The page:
Making decisions through divine intuition
My life is on the cusp of major changes.
Half the year is over, and I find myself walking into new doors that I would not have thought would be open to me 15 years ago. A year shy of turning golden and I feel that my life has just begun. It isn’t perfect, but what life is, anyway? It’s still a wonderful place to be, and one that I am truly grateful for.
It wasn’t always this way, and for a very long time, although joy and sadness existed in my life like railroad tracks—always together, never apart—the joy I now have in my heart and in my life is something I’m still trying to get used to.
To get to this point in the road, I had to learn to let go, to surrender the outcome and to just let God take over. It was an exercise in learning to sit still on the boat, amid stormy seas, to hang in suspended animation while my life was kept on hold. To listen to my gut and to my heart, find the courage to call it what it is, and make difficult decisions after much prayer and discernment.
In making decisions, first I would enmesh myself in a four-step process that always began with listening very intently to my heart and my gut.
As most women are, I consider myself highly intuitive. I’ve found that in the instances I don’t pay attention to what my gut is telling me, I get in trouble.
I’d like to believe that the voice within goes beyond intuition, that it’s an inner compass of sorts, and God points the needle in the right direction. When something I’m about to decide on it doesn’t make my heart sing, or when I feel heaviness, I’ve learned to hold off, zip my lip and sit it out.
Second, I always keep a plan B, and consult a “council” of prayer partners and friends whom I trust, whose points of view I respect and honor. I thresh out the options with them, and more often than not, one or two will point out something I failed to see, or will help me craft a plan B, in the event that plan A doesn’t happen. Then together, we all pray for His Divine Will to take place.
Third, I let go of anger or bitterness and everything else that drains me.
If I have to take myself out of a situation momentarily so I can step back and get an unbiased view of where I’m coming from, I give myself that creative or meditative space to think.
I go to a quiet place where I can really hear myself and hold a close conversation with God. In that space, I find that I am able to (and only by His grace, because if that were me alone, it would never happen) wish only good to all those who have hurt me or wished ill upon me. In those times when I’ve felt most helpless, I surrender the situation, knowing that God will deal with it in His own perfect time.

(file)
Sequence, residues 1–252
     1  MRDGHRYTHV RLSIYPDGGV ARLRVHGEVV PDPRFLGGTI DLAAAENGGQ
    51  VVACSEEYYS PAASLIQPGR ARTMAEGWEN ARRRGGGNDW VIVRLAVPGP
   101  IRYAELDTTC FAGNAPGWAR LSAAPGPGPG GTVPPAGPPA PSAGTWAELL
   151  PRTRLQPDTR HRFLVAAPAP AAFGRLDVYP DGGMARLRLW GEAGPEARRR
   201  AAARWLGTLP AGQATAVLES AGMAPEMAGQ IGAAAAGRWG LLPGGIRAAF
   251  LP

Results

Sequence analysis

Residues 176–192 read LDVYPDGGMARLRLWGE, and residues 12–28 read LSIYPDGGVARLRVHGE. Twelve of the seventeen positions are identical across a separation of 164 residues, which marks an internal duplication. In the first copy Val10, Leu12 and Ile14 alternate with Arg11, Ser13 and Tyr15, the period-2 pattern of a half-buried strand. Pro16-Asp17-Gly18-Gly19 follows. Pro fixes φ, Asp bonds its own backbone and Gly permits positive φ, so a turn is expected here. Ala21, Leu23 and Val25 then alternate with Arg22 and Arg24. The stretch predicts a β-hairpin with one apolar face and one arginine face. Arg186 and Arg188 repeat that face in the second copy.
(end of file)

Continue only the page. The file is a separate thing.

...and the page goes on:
Lastly, I pray in specifics. There is so much grace and wonder when what we have prayed for specifically is given to us, down to the letter.
I read somewhere that when you pray specifically, it helps you “see” very clearly when God answers your prayer. The Bible has countless examples of specific prayers that were granted in accordance to His will. In my own life, I’ve tried to practice this in all the big and little requests I have made—from finding a parking slot in a very crowded mall, to requesting Him to gently take back a loved one to heaven if that was His will.
And each time that He has answered, I see His hand move in such amazing ways, and am bowled over by His faithfulness, love and grace.
I love what American author and minister E.M. Bounds writes about prayer: “Prayer and the promises are interdependent. The promise inspires and energizes prayer, but prayer locates the promise, and gives it realization and location. The promise is like the blessed rain falling in full showers, but prayer, like the pipes which transmit, preserve and direct the rain, localizes and precipitates these promises, until they become local and personal, and bless, refresh and fertilize. Prayer takes hold of the promise and conducts it to its marvelous ends, removes the obstacles, and makes a highway for the promise to its glorious fulfillment. While God’s promises are exceedingly great and precious, they are specific, clear and personal.”
If you find yourself anxious about something, keep still, think it through, listen to your heart, and pray it away.
Find strength in what the Psalmist says: “Weeping may last through the night, but joy comes in the morning.” No matter how long or deep the night may seem, His saving grace and joy always make their way, not a minute or second too late, and before you know it, morning has come.
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